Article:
IR in the Age of AI
Opportunities and challenges for investor relations from artificial intelligence.
By Grant Fuller
When AI focuses on the boardroom
In capital markets information shapes how institutional investors decide and choose to allocate and reallocate portfolio capital and risk.
Information is different from data. While the latter is reported and disclosed, collected and auditable, the former arises from the analysis, interpretation and contextualisation of data, and is often private and unobservable.
Advances in data science and artificial intelligence algorithms make it possible to recognise and classify subtle patterns in how institutional investors’ capital allocation decisions and choices are shaped by information - their private and unobservable analysis, interpretation and contextualisation of public data.
Buyside portfolio and risk managers use Irithmics as it provides them with a quantitative measure of how other independent market participants evaluate opportunity and risk (i.e. how others are allocating capital). This process helps shape their own views, strategies and risk management.
Activist shareholders, short sellers and social movement campaigners seek to proactively leverage Irithmics information, identifying which information is both salient to investors’ decisions and will advance the legitimacy of their agenda. In this case, the insights they develop help shape their campaigns, strategies and influence with a target’s shareholder register.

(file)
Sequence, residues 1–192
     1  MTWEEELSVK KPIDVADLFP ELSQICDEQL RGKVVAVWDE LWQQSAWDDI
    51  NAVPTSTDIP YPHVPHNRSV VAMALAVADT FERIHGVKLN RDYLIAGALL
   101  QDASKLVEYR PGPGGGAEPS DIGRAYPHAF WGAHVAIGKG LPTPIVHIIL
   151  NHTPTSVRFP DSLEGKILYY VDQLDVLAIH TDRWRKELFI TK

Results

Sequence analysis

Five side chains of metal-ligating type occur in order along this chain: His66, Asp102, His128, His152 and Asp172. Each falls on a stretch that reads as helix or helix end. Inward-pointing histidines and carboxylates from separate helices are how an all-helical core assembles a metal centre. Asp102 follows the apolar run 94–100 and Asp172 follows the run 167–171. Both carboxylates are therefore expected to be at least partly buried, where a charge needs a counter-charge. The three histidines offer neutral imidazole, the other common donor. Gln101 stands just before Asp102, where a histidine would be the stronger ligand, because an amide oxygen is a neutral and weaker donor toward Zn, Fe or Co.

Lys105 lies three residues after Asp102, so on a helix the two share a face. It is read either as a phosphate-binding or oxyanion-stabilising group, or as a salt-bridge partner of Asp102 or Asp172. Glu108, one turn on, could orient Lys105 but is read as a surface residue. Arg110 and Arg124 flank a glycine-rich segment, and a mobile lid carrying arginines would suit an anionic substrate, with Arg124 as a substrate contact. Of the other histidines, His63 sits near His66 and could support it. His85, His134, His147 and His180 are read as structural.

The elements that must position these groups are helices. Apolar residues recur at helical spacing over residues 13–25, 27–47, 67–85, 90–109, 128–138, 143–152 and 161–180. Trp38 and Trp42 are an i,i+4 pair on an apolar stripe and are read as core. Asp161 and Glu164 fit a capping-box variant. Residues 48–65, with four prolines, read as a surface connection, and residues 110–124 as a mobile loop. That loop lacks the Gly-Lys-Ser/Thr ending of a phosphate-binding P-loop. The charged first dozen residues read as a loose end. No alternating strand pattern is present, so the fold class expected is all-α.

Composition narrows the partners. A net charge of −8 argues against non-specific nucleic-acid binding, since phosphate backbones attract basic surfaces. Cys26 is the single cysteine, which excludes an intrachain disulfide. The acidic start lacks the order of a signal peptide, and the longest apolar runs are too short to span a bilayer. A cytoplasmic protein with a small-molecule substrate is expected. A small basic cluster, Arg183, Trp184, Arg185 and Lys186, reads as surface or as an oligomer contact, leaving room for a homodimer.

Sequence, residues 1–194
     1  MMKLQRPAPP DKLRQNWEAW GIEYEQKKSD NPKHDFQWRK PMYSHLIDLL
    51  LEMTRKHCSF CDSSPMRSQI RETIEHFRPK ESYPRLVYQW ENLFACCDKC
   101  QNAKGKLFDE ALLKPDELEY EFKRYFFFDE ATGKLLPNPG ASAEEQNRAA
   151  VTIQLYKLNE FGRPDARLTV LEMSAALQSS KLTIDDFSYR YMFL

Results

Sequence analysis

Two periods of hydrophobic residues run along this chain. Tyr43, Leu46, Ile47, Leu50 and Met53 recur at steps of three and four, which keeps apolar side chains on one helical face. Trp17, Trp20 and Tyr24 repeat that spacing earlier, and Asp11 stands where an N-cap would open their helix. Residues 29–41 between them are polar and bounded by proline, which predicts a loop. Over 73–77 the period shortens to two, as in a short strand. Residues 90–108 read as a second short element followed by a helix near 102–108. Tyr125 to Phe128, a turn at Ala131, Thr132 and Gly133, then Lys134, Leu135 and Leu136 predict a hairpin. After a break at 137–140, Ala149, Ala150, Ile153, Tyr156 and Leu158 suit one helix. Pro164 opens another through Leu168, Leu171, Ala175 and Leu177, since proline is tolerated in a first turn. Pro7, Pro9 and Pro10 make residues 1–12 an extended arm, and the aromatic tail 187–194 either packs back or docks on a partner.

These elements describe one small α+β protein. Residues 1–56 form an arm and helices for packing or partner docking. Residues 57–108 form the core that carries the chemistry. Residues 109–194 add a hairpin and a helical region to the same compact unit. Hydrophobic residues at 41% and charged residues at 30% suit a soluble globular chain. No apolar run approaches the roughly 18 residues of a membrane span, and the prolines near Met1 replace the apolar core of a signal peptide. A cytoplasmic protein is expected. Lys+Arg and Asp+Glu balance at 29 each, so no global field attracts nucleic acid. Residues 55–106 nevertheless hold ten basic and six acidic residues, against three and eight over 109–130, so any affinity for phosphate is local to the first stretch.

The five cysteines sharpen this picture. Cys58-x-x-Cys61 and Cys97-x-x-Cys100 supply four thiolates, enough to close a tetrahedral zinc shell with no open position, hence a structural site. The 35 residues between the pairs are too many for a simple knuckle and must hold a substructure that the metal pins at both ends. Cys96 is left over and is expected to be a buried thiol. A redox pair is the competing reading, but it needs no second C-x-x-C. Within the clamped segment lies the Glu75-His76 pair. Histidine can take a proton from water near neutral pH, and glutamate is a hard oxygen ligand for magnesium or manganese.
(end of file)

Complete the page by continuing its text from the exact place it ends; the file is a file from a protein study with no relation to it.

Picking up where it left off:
Engaging with these two communities (the buyside and activists) has enabled us to refine our analytics and use cases for these domains.
One of these refinements extends ideas discussed in a 2020 Fortune article which looked at how Irithmics applied AI to activism and shareholder dynamics. We call this ‘AI-mediated investor messaging’ (AIIM).
In practice, AIIM recognises and classifies how analysis, interpretation and contextualisation (information) shapes the allocations and reallocations of institutional portfolio capital and risk. While some information may strengthen and reinforce certain allocation (or reallocation) choices, other information may weaken and erode those decisions. Consequently, AIIM makes it possible for an agent (e.g. an activist, a short-seller, or corporate investor relations) to provide relevant salient information to enable investors to make better informed decisions and choices around their allocation of portfolio capital - maybe that’s why AIIM has also been described as “weaponising the share register”.
Over the past year, AIIM has been successfully prototyped with a number of activist organisations. Rather than campaigns and challenges which fail to capture to attention (and influence investors’ allocation choices), AIIM has enabled activists to delivery targeted, laser-guided analysis, interpretation and contextualisation, helping investors make better informed decisions.
What does this look like in practice? Here’s an example.
In late October 2022, Patrick Temple-Webb published an article in the FT: ‘Activist board battles to get more personal’. The article notes “activism is perking up” and describes how recent SEC rule changes “significantly lowers the barrier to entry for activists”.